The latest news about the Charleston Sofa Super Store fire involves an investigation of possible negligence on the part of the incident commanders and others. If you think that the liability stops there, then you must also think that the safeguard is to simply have knowledgeable chief officers in place. I’ve read the various comments to the local news stories and those on fire service websites. The general attitude is that only those of you with the combined knowledge base and experience (neither of which are universally quantified) to qualify as a chief officer should be chief officers. And if you’re not, then you shouldn’t be wearing the white hat. How simple, yet impractically ignorant. There we have it, the default remedy of generic knowledge combined with experience. But, if your department doesn’t subscribe to this, as is both proven and implied with Charleston, what is the default culprit? Surprisingly, not the chiefs. Instead, it is aggressive firefighting.
Have you noticed that amidst all the trees cut down to make the various reports, recommendations, articles and commentary, the one excuse mentioned time and again is the culture, however abstract and nearly extinct, which defines aggressive firefighting?
“Nationally, departments have edged away from fighting fires inside buildings, particularly when property alone is at stake. But the Charleston Fire Department, like the city it serves, values tradition. And that extends to the way it fights fires. The city’s firefighters have a saying: You don’t want to be an “outstanding” firefighter — one left standing outside a blaze. Joe Schofield worked 42 years with the department before retiring last year as assistant chief. He said there is simply no other way to preserve property and ensure no one has been left inside a burning building. That lesson was driven home in January 1999 when fire crews found the bodies of three homeless men in the ruins of a King Street building thought to be vacant, Schofield said. You can’t put fires out by standing outside, shooting through the windows,” he said. “Nobody wants to be on the outside looking in that’s a firefighter. Everybody wants to be on the inside, where it’s at.”"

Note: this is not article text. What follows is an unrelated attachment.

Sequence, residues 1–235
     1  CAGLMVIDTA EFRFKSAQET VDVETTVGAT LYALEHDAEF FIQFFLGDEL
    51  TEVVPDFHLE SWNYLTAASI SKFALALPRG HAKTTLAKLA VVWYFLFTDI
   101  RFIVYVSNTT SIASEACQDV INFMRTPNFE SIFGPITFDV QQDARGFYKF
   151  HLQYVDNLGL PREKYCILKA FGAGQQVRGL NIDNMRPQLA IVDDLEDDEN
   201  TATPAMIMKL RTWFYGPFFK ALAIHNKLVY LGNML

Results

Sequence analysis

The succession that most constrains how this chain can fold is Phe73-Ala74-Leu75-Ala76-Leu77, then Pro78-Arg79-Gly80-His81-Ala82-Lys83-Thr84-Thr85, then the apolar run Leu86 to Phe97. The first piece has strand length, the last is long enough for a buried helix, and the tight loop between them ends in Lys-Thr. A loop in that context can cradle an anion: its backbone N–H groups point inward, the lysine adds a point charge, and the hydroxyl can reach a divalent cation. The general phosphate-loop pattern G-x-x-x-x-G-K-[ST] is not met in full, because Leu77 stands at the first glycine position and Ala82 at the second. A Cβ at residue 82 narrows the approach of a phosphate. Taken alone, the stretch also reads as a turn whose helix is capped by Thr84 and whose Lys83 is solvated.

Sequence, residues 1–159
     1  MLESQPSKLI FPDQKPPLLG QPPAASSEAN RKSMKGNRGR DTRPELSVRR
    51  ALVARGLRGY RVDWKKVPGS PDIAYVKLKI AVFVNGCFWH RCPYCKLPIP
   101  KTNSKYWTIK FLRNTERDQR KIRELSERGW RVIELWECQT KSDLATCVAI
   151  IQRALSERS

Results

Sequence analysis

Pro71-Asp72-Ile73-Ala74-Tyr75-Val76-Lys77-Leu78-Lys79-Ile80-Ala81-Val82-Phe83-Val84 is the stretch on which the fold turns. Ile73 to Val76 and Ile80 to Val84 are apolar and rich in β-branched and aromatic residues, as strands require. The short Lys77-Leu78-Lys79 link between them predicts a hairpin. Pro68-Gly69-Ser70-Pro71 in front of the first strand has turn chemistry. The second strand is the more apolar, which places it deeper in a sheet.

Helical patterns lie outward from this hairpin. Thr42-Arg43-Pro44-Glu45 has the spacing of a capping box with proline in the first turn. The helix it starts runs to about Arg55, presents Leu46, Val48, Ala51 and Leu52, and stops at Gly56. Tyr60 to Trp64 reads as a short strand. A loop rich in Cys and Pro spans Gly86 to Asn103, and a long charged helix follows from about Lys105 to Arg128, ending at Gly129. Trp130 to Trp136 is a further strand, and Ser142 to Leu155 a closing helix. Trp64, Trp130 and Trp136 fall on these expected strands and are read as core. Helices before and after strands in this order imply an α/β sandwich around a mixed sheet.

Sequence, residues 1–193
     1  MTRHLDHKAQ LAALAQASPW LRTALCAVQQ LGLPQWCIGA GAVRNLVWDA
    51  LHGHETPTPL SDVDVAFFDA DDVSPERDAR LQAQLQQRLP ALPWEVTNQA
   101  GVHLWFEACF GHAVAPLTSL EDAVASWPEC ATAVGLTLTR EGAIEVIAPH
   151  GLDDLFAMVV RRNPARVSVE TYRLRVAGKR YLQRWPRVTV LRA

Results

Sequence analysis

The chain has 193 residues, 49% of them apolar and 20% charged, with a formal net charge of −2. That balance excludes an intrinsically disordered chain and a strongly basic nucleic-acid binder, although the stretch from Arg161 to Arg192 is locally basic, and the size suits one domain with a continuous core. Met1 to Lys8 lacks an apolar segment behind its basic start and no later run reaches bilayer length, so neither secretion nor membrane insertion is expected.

“‘Old school tactics’ questioned after Charleston, S.C., fire” The Post and Courier (Charleston, SC) 2007 [bold mine]
“”We want justice, not vengeance,” Mike Mulkey said on Monday. His son Louis died in the June 18, 2007 blaze at the furniture store in Charleston.”
“Families of Charleston’s Fallen Meet with State to Investigate Negligence” Firefighter Nation/Associated Press, 2010
‘Justice’ implies accountability to a law or standard, reinforced by reward or punishment. NIOSH reports, as my literary mentor reminded me, do nothing for us other than make more rules. Be careful if your members use the term ‘aggressive firefighting’ or ‘aggressive interior attack’ in a flippant manner. If your department doesn’t bring its A-game to each and every fire, the ‘aggressive attack’ could become an illegal act.
Also on Backstep Firefighter …
- Defining Aggressive, Part I
Tasks and Identity – November 7, 2012
- The Area of Refuge and “Experience Makeup” – March 7, 2012
- So Much for That “It’s Not Vacant Until We Search” Ideology – February 6, 2012
- Denver Working: Apartment Fire, Transitional Attack? – March 12, 2012
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